Haphazard Explorations & Experiments In Fiction
Sometimes I scare myself. I’m an addict you know. Not to your usual drugs though, I prefer another kind of high. The kind that comes from strapping someone down to a chair, asking them questions, telling them about myself. I said before that I don’t have much preference one way or the other when it comes to letting them think they’ll be free again. They can think that, or they can come to terms with the truth. Whatever I decide on, which I do on a case by case basis. Can’t treat everyone exactly the same… that wouldn’t be very much fun.
I like the sense of control. Although to be honest, it’s not so much a “sense of control” as it is “absolute control”. Barring a miracle, I decide what happens, how it happens, and when it happens. Their lives are in my hands, up to the moment I decide they’re over. It’s all very nice and tidy too. All I have to do afterwards is visit the kitchen sink, and their blood is washed away. Of course, this level of casual disregard for forensics means I have to be even more careful about the rest of the process. Capturing my disposable friends, getting rid of their bodies after we’re done… but it’s worth the extra pain in my ass. Truly it is.
This way, I can pretty much relax at home.
More than that, I like the time we spend together. I can say whatever I want, do whatever I want, without worrying about the consequences. They can’t run to my boss to get me fired, they can’t turn me into the cops or lead me by the nose into some mental institution. They have to see me for who I am without running away or shielding themselves with the law, or with other people. It feels good to be known. I can’t keep any one of them for long, but I can always get someone else. There’s risk with the law, with the possibility of being caught, but that adds to the thrill. And it’s nothing when I compare that to the total lack of risk in my brief, one on one relationships. That’s makes it worthwhile.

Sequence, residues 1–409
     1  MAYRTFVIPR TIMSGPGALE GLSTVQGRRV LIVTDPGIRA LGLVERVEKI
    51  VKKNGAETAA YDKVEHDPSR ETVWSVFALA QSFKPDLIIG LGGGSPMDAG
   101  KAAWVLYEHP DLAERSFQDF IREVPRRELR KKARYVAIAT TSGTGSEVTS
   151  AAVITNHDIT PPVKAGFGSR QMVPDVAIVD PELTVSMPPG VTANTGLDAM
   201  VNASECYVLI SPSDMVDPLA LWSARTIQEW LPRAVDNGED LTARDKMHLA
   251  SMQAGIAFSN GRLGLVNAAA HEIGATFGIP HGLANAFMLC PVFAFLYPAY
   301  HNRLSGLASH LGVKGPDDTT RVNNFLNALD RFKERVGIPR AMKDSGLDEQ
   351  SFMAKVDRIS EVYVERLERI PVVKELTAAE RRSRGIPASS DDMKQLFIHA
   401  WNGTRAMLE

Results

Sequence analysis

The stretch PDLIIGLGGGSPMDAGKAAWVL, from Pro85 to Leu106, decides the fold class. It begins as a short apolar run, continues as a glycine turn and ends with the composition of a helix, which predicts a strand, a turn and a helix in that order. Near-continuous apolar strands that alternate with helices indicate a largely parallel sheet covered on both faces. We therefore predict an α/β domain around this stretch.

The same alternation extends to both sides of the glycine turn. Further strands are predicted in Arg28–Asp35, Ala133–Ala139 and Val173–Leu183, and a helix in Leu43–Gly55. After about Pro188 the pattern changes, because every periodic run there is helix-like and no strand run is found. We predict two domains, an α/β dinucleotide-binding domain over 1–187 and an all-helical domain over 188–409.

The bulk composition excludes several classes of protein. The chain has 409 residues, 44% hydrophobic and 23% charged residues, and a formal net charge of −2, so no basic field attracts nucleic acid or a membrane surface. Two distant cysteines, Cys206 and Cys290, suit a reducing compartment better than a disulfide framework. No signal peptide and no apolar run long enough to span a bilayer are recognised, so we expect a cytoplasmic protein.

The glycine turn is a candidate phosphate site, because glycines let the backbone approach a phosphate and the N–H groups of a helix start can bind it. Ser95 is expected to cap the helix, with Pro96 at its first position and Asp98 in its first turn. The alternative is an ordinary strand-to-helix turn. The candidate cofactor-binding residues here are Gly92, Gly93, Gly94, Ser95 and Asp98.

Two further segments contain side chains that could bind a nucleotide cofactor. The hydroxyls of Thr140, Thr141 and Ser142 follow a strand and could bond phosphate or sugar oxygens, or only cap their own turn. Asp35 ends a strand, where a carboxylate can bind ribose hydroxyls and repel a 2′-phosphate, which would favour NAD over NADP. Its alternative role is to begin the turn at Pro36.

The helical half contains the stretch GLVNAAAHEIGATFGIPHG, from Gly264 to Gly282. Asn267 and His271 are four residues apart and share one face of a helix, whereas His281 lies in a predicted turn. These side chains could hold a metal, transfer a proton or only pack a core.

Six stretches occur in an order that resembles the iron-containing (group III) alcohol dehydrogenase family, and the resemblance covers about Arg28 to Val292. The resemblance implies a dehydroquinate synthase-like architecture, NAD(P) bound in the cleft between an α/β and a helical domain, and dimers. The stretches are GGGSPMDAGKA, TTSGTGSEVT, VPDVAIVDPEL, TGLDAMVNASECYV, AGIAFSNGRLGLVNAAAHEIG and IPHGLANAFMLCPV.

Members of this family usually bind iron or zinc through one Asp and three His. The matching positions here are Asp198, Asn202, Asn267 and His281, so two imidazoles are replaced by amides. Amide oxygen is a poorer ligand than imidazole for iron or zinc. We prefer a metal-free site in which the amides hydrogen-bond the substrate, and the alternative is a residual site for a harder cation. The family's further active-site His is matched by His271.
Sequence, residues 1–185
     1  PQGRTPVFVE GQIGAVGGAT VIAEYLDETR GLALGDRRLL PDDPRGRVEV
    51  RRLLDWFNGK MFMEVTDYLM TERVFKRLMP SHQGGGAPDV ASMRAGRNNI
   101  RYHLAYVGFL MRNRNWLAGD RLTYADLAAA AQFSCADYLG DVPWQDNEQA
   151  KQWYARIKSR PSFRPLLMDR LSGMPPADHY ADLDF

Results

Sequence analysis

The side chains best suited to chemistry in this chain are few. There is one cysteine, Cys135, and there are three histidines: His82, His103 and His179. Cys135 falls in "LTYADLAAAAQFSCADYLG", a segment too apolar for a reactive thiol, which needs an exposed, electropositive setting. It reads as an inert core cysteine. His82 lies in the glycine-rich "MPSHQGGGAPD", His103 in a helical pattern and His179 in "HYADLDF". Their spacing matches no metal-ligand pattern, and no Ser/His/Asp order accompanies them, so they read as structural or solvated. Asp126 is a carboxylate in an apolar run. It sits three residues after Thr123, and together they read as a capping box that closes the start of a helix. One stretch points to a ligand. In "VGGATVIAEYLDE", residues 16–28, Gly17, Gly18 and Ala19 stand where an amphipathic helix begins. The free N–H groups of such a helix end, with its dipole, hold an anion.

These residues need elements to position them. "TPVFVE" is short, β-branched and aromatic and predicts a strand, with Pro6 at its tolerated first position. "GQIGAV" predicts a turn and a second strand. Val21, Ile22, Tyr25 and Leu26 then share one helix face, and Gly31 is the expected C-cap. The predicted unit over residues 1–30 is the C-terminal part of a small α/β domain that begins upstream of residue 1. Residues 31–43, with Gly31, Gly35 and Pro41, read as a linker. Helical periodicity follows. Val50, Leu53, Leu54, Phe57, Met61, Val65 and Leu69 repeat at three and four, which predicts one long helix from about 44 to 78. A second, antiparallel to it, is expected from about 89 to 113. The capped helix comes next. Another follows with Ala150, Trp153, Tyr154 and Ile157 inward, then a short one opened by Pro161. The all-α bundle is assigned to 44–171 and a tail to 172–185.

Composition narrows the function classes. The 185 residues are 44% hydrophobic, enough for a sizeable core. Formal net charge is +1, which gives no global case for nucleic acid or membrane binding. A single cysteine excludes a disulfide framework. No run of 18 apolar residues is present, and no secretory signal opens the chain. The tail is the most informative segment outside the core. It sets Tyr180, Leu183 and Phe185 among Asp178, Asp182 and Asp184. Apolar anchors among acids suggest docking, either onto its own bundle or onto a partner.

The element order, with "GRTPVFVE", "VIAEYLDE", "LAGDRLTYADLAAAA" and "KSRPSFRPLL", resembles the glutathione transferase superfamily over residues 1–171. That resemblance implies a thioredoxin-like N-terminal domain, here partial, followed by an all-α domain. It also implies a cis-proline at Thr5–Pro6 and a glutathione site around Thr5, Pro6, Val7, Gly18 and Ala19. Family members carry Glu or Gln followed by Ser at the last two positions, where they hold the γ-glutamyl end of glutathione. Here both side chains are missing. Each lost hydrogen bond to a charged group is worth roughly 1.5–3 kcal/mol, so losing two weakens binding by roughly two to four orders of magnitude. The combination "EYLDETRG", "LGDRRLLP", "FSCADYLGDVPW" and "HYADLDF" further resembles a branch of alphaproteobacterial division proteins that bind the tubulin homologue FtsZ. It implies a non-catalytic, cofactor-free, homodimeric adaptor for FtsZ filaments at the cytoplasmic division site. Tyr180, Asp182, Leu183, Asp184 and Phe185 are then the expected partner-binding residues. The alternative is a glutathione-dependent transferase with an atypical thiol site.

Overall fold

The death is intoxicating too. Watching the light go out in their eyes, holding their hand so I can feel it sag in the very moment the soul leaves the body. It’s beautiful. Peaceful. All the fear and the pain from our time together, all the stress and tension from their lives before they met me, all they ever might have done if they had escaped. It all goes away, leaving a vacant body with a blank stare. It’s like for an instant I can feel what they feel, an instant or pure, blissful relief from all the horrors and hardships of life. In a way I envy them. Not that I know what happens after, but what happens in that last breath is enlightening, invigorating, and calming all at once. Their relief is my relief.
Until the moment passes.
This is what I live for, these moments.
I’m driven to seek them out.
Again and again.
This is something I can never stop doing.
(James Barret ∅ Second Journal Entry)
First Entry: What Comes First
Third Entry: The Urge